Before picking up The Postscript Murders, I had come to the conclusion that it was just not practical or possible for some of the main elements from The Stranger Diaries to carry over. This was mostly true with the story within a story format since the short story, The Stranger, was very unique to Clare, the first book’s main character. The short story not only introduced the gothic atmosphere, but the fictional author as well, both of which had a distinct presence throughout the book.

I mention this in hopes that no one goes in and is immediately disappointed. The Postscript Murders is a terrific murder mystery, but it does not carry over several elements that made The Stranger Diaries unique and memorable. It can be jarring. Once or twice, I thought to myself that it almost felt as if it were written by a different author, or was part of a different series.

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The Devil and the Dark Water – Book Review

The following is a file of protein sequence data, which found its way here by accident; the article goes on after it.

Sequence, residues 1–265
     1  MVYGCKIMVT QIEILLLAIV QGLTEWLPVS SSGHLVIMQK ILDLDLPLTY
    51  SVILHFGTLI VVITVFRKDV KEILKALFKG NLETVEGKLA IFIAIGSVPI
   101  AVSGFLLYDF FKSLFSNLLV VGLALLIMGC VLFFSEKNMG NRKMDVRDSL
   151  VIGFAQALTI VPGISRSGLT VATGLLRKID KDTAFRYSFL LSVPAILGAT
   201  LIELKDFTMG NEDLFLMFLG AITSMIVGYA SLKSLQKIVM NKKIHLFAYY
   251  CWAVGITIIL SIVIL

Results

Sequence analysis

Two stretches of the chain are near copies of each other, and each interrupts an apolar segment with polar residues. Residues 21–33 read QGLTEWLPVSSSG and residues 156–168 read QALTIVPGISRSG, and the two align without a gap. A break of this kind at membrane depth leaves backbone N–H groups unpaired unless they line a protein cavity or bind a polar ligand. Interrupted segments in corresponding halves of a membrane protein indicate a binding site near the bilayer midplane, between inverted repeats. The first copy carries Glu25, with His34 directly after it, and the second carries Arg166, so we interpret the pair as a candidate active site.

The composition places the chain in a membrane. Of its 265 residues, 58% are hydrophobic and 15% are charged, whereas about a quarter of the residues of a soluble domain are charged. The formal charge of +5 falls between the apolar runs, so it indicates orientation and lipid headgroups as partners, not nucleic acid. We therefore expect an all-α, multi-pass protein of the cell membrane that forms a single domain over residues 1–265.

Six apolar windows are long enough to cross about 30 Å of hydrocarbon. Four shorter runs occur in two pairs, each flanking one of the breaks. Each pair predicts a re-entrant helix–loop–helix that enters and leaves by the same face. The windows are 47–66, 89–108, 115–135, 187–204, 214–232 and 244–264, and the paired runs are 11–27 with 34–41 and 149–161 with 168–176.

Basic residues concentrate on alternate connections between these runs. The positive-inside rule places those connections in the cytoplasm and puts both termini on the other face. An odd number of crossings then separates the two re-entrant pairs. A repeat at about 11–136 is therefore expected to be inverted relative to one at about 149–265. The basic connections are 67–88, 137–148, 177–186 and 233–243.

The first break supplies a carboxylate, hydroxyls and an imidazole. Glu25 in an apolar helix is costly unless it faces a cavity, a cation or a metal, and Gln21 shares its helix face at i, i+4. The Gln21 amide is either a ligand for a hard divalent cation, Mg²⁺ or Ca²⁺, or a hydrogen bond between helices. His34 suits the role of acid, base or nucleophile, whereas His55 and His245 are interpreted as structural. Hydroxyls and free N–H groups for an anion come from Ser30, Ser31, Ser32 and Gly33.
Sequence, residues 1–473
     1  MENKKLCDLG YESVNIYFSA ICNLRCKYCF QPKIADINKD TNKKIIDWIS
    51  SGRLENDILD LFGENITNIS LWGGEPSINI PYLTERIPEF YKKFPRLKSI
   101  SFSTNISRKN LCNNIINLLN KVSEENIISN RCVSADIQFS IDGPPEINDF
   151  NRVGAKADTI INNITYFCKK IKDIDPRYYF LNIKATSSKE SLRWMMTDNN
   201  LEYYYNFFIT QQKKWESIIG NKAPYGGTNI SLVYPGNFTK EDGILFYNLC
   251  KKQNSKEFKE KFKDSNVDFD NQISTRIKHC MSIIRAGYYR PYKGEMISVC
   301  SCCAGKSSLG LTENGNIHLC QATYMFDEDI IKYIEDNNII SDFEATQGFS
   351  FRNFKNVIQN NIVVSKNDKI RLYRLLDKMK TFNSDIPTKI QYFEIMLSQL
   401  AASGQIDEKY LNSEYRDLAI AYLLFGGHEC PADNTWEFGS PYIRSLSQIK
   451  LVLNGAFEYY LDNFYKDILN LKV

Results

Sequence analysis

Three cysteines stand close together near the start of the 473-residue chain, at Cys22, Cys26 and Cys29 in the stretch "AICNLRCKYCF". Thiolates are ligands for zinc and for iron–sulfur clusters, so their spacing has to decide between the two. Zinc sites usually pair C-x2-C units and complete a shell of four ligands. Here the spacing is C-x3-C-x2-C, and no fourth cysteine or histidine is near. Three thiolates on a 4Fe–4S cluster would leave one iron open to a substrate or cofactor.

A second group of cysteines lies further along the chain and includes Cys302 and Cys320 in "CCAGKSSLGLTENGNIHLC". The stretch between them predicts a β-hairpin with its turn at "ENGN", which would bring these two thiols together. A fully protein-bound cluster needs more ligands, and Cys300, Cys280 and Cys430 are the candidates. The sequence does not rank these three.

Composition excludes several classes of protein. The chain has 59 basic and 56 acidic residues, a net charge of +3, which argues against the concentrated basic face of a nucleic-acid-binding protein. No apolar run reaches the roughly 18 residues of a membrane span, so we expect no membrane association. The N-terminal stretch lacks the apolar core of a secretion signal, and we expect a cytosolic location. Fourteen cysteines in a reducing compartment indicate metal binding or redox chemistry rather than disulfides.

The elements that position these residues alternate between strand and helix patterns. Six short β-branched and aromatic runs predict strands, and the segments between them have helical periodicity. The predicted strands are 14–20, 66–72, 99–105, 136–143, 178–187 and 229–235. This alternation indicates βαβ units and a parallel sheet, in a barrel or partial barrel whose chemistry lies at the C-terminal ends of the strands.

The Devil and the Dark Water by: Stuart Turton
Published on: October 6, 2020

Surviving isn’t winning. It is what you do when you’ve lost.

The Devil and the Dark Water is a paranormal mystery inspired by the Batavia shipwreck of 1628. The true story of the Batavia is horrific. A shipwreck by itself would be terrifying, but it takes a further insidious and sinister turn even after the survivors find their way to a nearby island. If you ever happen to read the true account, you might actually think it is a bad plot of a horror novel, except in this case it happens to be true. Drawing on this, the author uses people/roles, names, and places to create his story. And while there are similarities The Devil and the Dark Water is not a retelling or accounting of the actual shipwreck, but is its own unique story.